As it happens, Krypto mistakenly decides Swifty is headed for a sunken submarine loaded with guns and ammunition, and brings that to the surface. Swifty, however, has been directed by the villain Jax-Ur to an alien space capsule containing amazing film footage.

Conveniently the space-faring aliens are still using acetate film with sprocket holes to fit a standard movie projector. No word on whether they included a cartoon short.

For the second test, Superboy creates three chemical pools -- one orange, one yellow and one purple -- each of which will give the dogs a different temporary power. "The dog who uses his intelligence to dive into the pool which will benefit him most," says Superboy, "will win the second round!"

Figuring "why be fussy?" Krypto rashly dives into the nearest pool, the yellow one, and emerges with elastic powers. Swifty, with guidance from the spectral Jax-Ur, chooses the purple pool and emerges with the power to speak.

With two of the three contests going to Swifty, there's no need for a third. Superboy gives Swifty Krypto's invulnerable cape and collar ("Now you'll look good during that space mission!") and Krypto is stuck with a moth-eaten, non-super hand-me-down cape from Superboy's rag pile (and STILL he doesn't bite him!).

Superboy flies into space with Swifty, unaware the dog intends to kill him. They arrive at the alien world just in time, as atomic super-missiles have just been fired by both warring factions to destroy each other. With teamwork, Superboy and Swifty intercept the missiles and neutralize them.

Having narrowly averted armageddon, and with the example of Superboy and Swifty to guide them, the human and beast races end hostilities and devote themselves to peaceful cooperation. As a sign of good faith, the human emissary offers up "the only set of plans for the Ultimate Weapon I created" and lets Superboy burn them with his heat vision. Then he hands over the only working model, for Superboy to dispose of.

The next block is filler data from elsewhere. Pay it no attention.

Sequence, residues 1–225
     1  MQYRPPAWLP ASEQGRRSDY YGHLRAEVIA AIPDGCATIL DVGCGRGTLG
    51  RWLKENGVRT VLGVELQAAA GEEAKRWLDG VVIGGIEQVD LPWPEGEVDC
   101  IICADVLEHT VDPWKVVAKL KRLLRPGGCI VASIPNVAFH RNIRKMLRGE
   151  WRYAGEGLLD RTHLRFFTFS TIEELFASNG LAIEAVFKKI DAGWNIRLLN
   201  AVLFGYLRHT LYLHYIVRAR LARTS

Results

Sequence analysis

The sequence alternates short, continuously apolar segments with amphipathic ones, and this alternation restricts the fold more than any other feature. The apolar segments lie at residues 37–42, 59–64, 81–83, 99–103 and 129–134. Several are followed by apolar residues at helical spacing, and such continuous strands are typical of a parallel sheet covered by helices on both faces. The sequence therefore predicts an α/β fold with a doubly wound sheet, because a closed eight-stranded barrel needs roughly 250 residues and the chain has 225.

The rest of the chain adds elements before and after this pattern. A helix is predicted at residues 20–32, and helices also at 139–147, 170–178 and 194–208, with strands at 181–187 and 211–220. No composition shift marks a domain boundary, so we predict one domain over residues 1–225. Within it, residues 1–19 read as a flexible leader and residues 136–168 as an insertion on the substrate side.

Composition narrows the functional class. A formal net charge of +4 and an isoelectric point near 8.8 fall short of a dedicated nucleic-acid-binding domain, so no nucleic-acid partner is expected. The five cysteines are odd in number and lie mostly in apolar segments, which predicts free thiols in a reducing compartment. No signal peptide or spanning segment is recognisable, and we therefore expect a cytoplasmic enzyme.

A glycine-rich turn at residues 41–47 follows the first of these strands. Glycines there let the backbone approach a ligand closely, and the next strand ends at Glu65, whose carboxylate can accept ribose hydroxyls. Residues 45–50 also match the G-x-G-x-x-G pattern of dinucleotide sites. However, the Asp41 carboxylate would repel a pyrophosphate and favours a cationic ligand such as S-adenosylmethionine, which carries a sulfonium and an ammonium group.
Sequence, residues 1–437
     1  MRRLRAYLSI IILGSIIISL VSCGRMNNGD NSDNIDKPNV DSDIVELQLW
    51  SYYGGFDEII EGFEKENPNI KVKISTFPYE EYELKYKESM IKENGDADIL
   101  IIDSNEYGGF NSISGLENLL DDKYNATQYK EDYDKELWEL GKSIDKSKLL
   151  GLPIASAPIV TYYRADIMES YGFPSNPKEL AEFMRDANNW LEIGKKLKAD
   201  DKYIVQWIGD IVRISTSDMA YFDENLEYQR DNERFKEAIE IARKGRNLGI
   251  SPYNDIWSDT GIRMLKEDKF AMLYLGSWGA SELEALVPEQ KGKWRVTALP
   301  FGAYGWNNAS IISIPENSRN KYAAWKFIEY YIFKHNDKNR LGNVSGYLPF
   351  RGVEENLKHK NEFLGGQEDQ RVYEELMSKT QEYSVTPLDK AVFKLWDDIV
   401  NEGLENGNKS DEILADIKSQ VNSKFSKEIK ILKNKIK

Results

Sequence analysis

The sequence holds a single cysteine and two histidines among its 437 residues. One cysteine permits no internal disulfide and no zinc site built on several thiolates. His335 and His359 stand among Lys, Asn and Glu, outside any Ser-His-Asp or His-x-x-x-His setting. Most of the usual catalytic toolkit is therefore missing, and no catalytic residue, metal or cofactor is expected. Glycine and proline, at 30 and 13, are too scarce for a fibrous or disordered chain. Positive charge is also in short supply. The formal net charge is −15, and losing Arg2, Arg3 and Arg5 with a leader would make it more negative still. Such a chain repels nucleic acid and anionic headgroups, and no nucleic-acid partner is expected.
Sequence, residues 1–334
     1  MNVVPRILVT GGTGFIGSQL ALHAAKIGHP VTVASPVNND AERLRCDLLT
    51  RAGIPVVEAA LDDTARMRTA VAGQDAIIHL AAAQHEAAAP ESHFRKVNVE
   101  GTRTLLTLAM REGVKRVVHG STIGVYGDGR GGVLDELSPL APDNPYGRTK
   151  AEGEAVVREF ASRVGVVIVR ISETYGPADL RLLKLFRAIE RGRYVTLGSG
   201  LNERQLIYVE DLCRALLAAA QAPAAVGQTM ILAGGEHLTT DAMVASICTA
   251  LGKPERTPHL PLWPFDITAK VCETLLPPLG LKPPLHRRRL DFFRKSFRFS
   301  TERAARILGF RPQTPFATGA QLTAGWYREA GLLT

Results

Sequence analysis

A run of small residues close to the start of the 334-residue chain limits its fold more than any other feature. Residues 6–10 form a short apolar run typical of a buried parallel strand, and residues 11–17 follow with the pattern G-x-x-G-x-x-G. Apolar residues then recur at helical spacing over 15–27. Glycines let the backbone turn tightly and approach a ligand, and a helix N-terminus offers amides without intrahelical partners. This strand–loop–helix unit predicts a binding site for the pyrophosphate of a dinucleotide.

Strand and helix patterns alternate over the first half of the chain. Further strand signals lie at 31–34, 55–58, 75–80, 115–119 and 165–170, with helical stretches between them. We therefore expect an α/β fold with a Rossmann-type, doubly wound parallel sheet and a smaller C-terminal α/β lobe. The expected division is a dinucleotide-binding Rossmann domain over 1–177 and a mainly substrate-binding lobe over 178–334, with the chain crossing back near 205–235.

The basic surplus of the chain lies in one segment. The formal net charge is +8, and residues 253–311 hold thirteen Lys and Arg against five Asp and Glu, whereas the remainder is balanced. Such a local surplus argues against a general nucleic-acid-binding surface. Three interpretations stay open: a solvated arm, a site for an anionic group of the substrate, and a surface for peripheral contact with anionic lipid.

In Superboy's off-world "sanctum" we find the Imperfect Duplicating Machine™ which created Bizarro, a huge lead box with a giant hunk of Kryptonite, a colony of super-intelligent mutant ants, a lock of Luthor's hair, a piece of metal from Superbaby's rocket and robot duplicates of Lana Lang and Pete Ross. As Krypto arrives from Earth, Superboy unveils a surprise present for his pet; a Krypto robot.

The Phantom Zone villains pick now to act, prompting Swifty to open the lead box and expose Superboy and Krypto to the deadly chunk of Kryptonite.

At this point let us pause and reflect on the genius of Superboy, who stores his Green Kryptonite ("with which I experiment in hopes of finding an antidote") in a spring-loaded jack-in-the-box contraption, activated by a foot pedal. Thus every time he wants to experiment, he can launch the huge rock into his face. Well done. And yes, I know it looks like white Kryptonite, which only affects vegetation, but considering Superboy's such a cabbage head, it could still be fatal.